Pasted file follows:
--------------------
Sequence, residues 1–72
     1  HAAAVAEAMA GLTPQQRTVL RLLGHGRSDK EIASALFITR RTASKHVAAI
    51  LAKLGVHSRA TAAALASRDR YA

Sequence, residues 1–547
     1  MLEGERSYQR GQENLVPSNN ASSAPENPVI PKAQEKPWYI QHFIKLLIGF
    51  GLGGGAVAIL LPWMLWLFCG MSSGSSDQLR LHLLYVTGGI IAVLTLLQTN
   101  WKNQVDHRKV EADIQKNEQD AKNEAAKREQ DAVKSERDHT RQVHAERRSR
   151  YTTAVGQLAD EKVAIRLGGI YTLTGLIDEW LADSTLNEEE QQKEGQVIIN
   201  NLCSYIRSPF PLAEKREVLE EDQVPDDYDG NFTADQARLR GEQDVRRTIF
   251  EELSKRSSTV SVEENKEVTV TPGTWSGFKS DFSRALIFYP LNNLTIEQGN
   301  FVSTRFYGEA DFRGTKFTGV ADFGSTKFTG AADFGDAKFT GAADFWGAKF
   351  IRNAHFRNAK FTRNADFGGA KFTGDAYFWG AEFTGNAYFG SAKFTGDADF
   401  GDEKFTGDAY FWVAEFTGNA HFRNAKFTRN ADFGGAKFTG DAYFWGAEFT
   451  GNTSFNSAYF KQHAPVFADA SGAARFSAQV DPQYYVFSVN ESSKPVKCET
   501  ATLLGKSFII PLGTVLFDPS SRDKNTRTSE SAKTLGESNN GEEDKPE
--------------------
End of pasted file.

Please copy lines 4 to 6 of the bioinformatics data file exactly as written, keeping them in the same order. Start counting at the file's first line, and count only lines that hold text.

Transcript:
Sequence, residues 1–547
     1  MLEGERSYQR GQENLVPSNN ASSAPENPVI PKAQEKPWYI QHFIKLLIGF
    51  GLGGGAVAIL LPWMLWLFCG MSSGSSDQLR LHLLYVTGGI IAVLTLLQTN